Posts Tagged ‘New Zealand’

Looking for examples of true leadership in a crisis? From Iceland to Taiwan and from Germany to New Zealand, women are stepping up to show the world how to manage a messy patch for our human family. Add in Finland, Iceland and Denmark, and this pandemic is revealing that women have what it takes when the heat rises in our Houses of State. Many will say these are small countries, or islands, or other exceptions. But Germany is large and leading, and the UK is an island with very different outcomes. These leaders are gifting us an attractive alternative way of wielding power. What are they teaching us?

Truth

Angela Merkel, the Chancellor of Germany, stood up early and calmly told her countrymen that this was a serious bug that would infect up to 70% of the population. “It’s serious,” she said, “take it seriously.” She did, so they did too. Testing began right from the get go. Germany jumped right over the phases of denial, anger and disingenuousness we’ve seen elsewhere. The country’s numbers are far below its European neighbours, and there are signs they may be able to start loosening restrictions relatively soon.

Decisiveness

Among the first and the fastest moves was Tsai Ing-wen’s in Taiwan. Back in January, at the first sign of a new illness, she introduced 124 measures to block the spread, without having to resort to the lockdowns that have become common elsewhere. She is now sending 10 million face masks to the US and Europe. Ing-wen managed what CNN has called “among the world’s best” responses, keeping the epidemic under control, still reporting only six deaths.

Jacinda Ardern in New Zealand was early to lockdown and crystal clear on the maximum level of alert she was putting the country under – and why. She imposed self-isolation on people entering New Zealand astonishingly early, when there were just 6 cases in the whole country, and banned foreigners entirely from entering soon after. Clarity and decisiveness are saving New Zealand from the storm. As of mid-April they have suffered only four deaths, and where other countries talk of lifting restrictions, Ardern is adding to them, making all returning New Zealanders quarantine in designated locations for 14 days.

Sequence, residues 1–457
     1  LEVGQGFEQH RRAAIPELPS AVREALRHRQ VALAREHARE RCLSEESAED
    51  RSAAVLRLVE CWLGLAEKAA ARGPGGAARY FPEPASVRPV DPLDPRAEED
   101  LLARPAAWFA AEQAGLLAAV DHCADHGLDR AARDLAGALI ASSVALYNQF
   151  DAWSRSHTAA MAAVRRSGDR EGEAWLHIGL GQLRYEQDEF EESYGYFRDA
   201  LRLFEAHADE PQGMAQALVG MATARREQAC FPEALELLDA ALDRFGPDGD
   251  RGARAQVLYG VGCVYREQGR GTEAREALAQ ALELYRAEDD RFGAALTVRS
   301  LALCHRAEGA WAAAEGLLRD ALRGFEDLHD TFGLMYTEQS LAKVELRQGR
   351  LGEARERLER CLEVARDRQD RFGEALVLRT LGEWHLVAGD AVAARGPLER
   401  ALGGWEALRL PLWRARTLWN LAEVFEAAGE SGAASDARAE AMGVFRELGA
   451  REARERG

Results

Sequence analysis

Tech

Iceland, under the leadership of Prime Minister Katrín Jakobsdóttir, is offering free coronavirus testing to all its citizens, and will become a key case study in the true spread and fatality rates of Covid-19. Most countries have limited testing to people with active symptoms. Iceland is going whole hog. In proportion to its population the country has already screened five times as many people as South Korea has, and instituted a thorough tracking system that means they haven’t had to lockdown… or shut schools.

Sanna Marin became the world’s youngest head of state when she was elected last December in Finland. It took a millennial leader to spearhead using social media influencers as key agents in battling the coronavirus crisis. Recognising that not everyone reads the press, they are inviting influencers of any age to spread fact-based information on managing the pandemic.

Love

Norway’s Prime Minister, Erna Solberg, had the innovative idea of using television to talk directly to her country’s children. She was building on the short, 3-minute press conference that Danish Prime Minister Mette Frederiksen had held a couple of days earlier. Solberg held a dedicated press conference where no adults were allowed. She responded to kids’ questions from across the country, taking time to explain why it was OK to feel scared. The originality and obviousness of the idea takes one’s breath away. How many other simple, humane innovations would more female leadership unleash?

Generally, the empathy and care which all of these female leaders have communicated seems to come from an alternate universe than the one we have gotten used to. It’s like their arms are coming out of their videos to hold you close in a heart-felt and loving embrace. Who knew leaders could sound like this? Now we do.

Now, compare these leaders and stories with the strongmen using the crisis to accelerate a terrifying trifecta of authoritarianism: blame-“others”, capture-the-judiciary, demonize-the-journalists, and blanket their country in I-will-never-retire darkness (Trump, Bolsonaro, Obrador, Modi, Duterte, Orban, Putin, Netanyahu…).